Posted by: Francis Koster Published: June 16, 2013

A Huge Opportunity to Birth Healthy Children and Lower Future Health Care Costs

A Huge Opportunity to Birth Healthy Children and Lower Future Health Care Costs

by Francis P. Koster, Ed.D. 

Each year in the United States around 6 million women conceive.[1] Around a million deliberately abort the pregnancy.[2][3] Another million or so miscarry.[4] Approximately four million children are born[5], and a shocking and rising number of those have birth defects.

The exact number of children with birth defects is hard to nail down.[6][7] 

America does not have a standard definition of what a birth defect is.viii Some states count defects only visible at birth, like cleft palate. Some states count only those defects that were visible and corrective action was taken. Other systems include in their birth defects count things present at birth but not visible. For example, autism usually recognized when a child is in primary school. Once rare, autism has grown from one birth in 2000 in the 1970s to one in 88 in 2012.ix,x

 Counting all the children who have late surfacing brain birth defects, it is now realized that somewhere around one in ten of all American children who survive to school age are suffering from some kind of expensive and/or life disrupting birth defect. xi For example, it is estimated that lifetime healthcare costs of an autistic child is $ 2.3 million.xii Each.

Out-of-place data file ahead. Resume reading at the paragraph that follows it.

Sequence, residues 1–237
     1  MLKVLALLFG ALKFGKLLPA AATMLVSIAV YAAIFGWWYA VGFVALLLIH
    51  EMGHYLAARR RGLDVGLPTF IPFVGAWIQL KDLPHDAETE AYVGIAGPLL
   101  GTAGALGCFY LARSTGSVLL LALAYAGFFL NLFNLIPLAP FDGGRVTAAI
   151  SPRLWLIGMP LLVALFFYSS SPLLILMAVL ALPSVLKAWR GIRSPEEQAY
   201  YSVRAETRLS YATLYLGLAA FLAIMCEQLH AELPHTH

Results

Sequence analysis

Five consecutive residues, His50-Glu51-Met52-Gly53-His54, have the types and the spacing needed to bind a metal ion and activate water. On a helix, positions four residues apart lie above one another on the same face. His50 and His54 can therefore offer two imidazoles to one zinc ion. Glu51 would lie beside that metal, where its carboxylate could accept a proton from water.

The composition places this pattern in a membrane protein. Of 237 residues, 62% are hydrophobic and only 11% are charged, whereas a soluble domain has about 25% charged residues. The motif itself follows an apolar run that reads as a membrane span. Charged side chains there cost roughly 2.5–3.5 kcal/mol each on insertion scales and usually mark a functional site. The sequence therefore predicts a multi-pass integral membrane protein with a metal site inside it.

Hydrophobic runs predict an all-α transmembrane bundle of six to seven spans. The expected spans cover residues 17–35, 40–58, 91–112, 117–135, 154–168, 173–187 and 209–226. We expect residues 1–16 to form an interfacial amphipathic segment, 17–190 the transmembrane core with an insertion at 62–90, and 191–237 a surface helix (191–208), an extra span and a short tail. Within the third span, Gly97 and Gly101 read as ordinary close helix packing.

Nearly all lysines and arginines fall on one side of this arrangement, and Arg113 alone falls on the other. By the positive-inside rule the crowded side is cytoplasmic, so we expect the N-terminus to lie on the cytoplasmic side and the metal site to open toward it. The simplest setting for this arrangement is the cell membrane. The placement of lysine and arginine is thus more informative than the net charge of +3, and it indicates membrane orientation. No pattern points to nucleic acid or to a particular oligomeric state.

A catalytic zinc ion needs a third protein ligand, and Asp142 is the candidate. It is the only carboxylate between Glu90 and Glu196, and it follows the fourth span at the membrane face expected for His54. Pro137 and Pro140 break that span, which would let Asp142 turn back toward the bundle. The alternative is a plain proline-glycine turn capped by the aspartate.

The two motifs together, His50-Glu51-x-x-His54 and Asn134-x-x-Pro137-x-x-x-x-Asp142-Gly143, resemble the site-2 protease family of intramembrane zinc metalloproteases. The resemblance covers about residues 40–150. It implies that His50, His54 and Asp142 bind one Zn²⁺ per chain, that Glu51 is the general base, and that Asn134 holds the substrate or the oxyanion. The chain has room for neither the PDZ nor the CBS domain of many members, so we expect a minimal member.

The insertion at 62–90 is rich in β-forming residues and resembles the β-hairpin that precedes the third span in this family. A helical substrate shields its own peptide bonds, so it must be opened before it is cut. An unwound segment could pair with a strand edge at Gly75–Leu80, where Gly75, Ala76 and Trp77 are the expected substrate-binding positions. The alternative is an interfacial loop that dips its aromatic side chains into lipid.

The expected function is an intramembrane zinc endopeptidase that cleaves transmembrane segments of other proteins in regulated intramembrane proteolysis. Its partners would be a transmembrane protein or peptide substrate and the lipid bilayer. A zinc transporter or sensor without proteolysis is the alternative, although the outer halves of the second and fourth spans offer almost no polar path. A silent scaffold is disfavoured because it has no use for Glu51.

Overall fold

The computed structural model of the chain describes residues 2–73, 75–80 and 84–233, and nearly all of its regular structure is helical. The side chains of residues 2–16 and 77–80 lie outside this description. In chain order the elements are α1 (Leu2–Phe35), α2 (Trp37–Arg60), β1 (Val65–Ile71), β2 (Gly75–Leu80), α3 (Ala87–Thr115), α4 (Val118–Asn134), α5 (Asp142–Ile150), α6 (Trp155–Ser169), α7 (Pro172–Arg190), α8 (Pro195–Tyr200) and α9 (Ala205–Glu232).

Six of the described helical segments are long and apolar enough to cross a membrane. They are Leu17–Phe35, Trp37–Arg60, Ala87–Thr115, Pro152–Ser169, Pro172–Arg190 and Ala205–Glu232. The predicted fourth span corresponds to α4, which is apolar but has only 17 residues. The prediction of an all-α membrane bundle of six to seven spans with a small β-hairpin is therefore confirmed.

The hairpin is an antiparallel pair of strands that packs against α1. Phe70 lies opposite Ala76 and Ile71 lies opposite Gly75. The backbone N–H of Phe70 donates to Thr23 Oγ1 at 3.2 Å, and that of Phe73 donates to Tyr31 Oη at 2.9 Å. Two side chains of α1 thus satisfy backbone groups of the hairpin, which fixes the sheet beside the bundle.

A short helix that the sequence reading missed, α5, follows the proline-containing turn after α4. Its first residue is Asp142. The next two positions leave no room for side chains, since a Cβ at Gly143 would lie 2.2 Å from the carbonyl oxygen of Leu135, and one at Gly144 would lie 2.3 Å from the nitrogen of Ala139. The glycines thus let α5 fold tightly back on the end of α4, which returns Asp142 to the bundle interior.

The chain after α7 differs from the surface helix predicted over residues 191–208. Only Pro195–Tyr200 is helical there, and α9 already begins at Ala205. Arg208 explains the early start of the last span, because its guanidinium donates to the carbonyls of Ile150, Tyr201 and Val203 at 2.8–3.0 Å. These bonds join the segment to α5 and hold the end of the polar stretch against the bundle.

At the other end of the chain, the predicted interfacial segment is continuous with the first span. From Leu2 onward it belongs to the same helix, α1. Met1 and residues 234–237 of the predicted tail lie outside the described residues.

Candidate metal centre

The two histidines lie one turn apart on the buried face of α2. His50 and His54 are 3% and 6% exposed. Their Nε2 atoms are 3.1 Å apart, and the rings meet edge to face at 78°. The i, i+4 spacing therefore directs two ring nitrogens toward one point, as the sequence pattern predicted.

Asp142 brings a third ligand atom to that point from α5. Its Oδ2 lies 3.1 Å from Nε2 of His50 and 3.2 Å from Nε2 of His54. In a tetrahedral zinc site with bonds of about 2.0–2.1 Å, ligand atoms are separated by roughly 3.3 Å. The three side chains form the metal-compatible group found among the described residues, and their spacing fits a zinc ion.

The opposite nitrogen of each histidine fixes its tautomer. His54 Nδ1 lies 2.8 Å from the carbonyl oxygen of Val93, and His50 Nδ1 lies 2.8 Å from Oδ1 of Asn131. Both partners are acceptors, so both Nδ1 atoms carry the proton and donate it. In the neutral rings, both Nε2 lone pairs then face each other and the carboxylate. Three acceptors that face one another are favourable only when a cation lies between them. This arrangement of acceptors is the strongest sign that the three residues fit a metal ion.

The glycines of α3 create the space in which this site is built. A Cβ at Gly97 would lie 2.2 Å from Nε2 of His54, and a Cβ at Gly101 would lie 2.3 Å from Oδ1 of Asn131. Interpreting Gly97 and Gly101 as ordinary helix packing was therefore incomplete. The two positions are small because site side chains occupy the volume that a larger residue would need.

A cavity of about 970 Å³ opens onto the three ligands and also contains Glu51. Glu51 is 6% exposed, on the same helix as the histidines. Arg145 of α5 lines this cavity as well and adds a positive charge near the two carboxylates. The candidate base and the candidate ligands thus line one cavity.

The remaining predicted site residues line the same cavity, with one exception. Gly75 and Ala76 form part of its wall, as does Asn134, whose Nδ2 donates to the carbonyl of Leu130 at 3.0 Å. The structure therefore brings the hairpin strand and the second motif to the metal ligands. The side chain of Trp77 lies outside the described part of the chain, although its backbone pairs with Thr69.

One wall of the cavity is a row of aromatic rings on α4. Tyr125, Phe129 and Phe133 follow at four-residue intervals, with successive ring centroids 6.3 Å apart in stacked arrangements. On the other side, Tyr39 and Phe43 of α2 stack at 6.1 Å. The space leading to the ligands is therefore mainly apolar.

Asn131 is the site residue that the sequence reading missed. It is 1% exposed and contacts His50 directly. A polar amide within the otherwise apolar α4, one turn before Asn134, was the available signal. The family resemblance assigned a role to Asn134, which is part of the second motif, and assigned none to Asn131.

Birth defects can originate from events years before boy even meets girl. Agent Orangexiii and some agriculture chemicalsxiv can harm dad's plumbing and ability to make healthy sperm. His obesity can also result in an overweight daughter.xv Her weigh in turn can cause harm to his grandchild. 

After conception, chemicals can hurt the fetus.xvi The E.P.A registry of existing chemicals lists over 84,000 chemicals now in usexvii, almost none of them tested for fetal impact. One recent study found a total of 287 chemicals present in the babies blood at birth!xviii In 2011, scientists in China examined birth defect rates before and after the introduction of polluting industrial processes in a rural region, and found some rates quadrupled after “progress” arrived.xix

A pregnant woman can harm her future child by her behavior - in particular, by smoking, drinking, drug use or being obese.

Smoking by a pregnant women causes higher miscarriage rate, reduction in IQ, doubling of the rate of mental retardation, and increased risk of childhood cancer.xx Drinking while pregnant causes faulty hearts, problems with the structure of the mouth, nose, eyes, and head as well as poor coordination and behavior problems.xxi Drugs like cocaine, marijuana and amphetamines slow fetal growth, cause heart defects, smaller brains, and poor development of the urinary tract.xxii

Obesity is a major issue. Two-thirds of Americans are overweight or obese.xxiii Obese pregnant women have a significantly higher risk of miscarriage, birth defects, or premature birth.xxiv And while we cannot deny the problem, we don't need to blame mom - her own weight issues may be caused by her father's exposure to chemicals. (See above.)

In addition to birth defects, there are rising rates of prematurity, up 36% in the last 25 years.xxv ,xxvi One in nine children born alive now arrive prematurely, increasing the risk of Cerebral Palsy, Intellectual disabilities, hearing loss, and other issues.xxvii The cost is enormous.

Fortunately, there are many ways we can help improve the health of our next generation.